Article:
Monday I’m taking the One train downtown for a meeting on Wall Street. I know very little about the NYC Metro system and even less about the stock market, but here I am.
I don’t belong there, but I am doing my best to blend in. Wear your black winter jacket and knee-high boots. Don’t make eye contact. Walk fast, and with a purpose. Don’t let them get a whiff of your insecurity. Answer your emails with one hand and sip your overpriced coffee held by the other.
No one notices that I’m ten thousand miles away from my comfort zone.
Tuesday I’m writing a short story in a coffee shop tucked somewhere between my hotel and Times Square. Just start with a sentence. Write fast and with a purpose. Brush off the impostor syndrome that sits with the devil on your left shoulder. Scribble notes with your right hand and sip your overpriced latte held by the left. I haven’t taken a class or written fiction in years, but here I am.
Two men get out of their cars at a rest stop on I-90 in New York. Both noticed that the American flag was badly torn and ready to detach due to the wind and weather. It had probably been like that for weeks, yet no one bothered to fix it.
Both worked together to make sure that it was properly removed, folded, and stored. One man is a military veteran, the other is not. One voted republican, and the other democrat.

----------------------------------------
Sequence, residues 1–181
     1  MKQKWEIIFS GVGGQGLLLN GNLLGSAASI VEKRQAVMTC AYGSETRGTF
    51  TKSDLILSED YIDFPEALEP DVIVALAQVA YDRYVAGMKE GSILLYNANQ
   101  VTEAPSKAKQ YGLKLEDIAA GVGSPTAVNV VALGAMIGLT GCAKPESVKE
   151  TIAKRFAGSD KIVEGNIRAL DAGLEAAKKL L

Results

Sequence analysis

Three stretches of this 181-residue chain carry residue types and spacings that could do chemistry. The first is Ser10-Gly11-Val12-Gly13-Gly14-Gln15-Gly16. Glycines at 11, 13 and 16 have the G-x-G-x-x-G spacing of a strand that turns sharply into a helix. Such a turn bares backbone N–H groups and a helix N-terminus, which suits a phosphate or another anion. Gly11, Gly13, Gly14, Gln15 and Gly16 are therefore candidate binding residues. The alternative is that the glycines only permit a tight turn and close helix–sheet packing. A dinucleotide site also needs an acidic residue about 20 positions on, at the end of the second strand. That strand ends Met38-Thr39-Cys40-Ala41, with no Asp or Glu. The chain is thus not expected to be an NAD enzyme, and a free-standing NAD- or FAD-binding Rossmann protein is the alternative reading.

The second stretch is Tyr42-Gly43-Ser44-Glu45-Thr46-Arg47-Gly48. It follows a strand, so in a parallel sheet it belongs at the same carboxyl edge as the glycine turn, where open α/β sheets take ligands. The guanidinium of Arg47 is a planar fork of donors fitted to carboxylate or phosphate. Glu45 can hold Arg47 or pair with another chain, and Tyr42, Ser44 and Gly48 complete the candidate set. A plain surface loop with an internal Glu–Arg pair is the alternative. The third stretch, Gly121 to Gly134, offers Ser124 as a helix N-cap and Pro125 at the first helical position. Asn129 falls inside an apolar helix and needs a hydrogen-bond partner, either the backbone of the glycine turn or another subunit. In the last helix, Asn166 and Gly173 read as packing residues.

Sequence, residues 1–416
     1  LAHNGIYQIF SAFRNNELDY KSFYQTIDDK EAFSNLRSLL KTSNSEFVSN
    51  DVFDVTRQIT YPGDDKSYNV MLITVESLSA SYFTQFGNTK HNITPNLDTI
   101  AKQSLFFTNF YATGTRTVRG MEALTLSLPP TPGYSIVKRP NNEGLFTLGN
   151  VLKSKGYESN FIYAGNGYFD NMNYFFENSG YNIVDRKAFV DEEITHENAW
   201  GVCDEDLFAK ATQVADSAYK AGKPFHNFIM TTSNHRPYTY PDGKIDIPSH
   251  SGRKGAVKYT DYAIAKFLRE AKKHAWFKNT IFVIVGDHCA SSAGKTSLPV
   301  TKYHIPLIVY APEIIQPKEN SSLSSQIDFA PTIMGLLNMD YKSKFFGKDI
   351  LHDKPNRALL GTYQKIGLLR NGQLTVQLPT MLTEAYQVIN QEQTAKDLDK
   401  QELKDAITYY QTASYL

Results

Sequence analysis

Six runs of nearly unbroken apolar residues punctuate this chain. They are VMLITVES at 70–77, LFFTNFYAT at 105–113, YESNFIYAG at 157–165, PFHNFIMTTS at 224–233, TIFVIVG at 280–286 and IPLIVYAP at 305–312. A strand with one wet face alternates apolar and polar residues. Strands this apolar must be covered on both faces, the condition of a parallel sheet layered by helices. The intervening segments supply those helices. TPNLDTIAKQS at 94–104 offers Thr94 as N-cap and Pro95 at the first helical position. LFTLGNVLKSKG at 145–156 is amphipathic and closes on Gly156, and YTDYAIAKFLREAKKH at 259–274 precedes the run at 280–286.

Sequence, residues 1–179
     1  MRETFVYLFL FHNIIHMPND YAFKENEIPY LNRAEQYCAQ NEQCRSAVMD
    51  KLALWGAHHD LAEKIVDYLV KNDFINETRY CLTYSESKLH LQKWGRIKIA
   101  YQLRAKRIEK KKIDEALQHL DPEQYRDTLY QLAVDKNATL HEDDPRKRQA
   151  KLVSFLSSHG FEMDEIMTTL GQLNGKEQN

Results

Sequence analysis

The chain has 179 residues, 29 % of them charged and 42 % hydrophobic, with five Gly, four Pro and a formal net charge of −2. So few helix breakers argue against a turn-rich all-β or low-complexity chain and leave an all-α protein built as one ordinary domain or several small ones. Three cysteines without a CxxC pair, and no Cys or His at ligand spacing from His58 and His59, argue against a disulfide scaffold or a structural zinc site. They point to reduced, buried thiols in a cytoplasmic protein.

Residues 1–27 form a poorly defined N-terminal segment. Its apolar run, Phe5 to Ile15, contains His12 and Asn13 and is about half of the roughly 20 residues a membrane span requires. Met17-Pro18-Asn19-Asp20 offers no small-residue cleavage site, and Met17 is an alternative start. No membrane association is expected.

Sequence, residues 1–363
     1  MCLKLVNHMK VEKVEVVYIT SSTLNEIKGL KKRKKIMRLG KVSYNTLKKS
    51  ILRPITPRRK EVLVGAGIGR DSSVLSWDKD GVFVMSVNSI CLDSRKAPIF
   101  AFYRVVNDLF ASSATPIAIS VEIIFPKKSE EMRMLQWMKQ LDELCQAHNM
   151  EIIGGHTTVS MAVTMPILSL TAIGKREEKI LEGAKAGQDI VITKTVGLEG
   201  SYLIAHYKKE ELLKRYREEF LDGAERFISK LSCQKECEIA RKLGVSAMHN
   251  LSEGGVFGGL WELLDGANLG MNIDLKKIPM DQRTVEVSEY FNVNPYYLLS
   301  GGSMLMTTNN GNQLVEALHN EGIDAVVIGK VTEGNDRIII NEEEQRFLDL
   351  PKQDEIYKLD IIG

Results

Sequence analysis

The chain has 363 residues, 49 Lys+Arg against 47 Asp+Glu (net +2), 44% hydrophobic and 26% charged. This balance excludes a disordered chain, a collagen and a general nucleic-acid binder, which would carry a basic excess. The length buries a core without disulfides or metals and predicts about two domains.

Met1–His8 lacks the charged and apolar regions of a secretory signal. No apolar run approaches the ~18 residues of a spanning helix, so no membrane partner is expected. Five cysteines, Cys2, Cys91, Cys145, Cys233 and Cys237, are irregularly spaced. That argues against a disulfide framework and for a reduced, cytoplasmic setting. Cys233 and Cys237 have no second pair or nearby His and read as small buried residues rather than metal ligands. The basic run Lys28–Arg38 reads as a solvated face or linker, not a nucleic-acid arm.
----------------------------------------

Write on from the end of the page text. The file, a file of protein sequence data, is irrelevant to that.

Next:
And yet – look what happens when folks work together towards a common goal. When people who have been polarized, meet in the middle to take action and to take responsibility when others will not. To restore respect for our country and our flag.
Funny how that works. I want more.
Nothing marks a fresh start quite like a new notebook. Clean lines, a stiff spine, and endless possibilities are tucked away in unmarked paper waiting to meet its pen.
It’s no secret to you, but I’ve been struggling to tighten up my writing habit. To sit down every day and scratch my pen against the eager pages.
My grandfather used to write in a journal every day, and some of those pages recently landed in my lap. I was young when he died and know him mostly through stories my Dad and my Gram Sara tell. Each time I turn a page, I can feel myself getting to know him better, even though he left us over 20 years ago. Some days are boring– recounting the weather and what he ate for lunch. But others describe his grief when his niece died in a car accident and when they lost the family dog, Meg. I feel tethered to him through turkey sandwiches and trips to the bank. Through family dinners and long walks. Through stories about my dad and uncle. Through grief and uncertainty and bouts of unbridled happiness.
And that’s just it, isn’t it? We are connected by the profoundly ordinary.
Most of us don’t live flashy lives. Our days are strung together by fleeting moments of love and pain and mailing the water bill.
I have been making this much more difficult than it needs to be. I don’t need to dream up a new story to tell. Perhaps our own stories are interesting enough.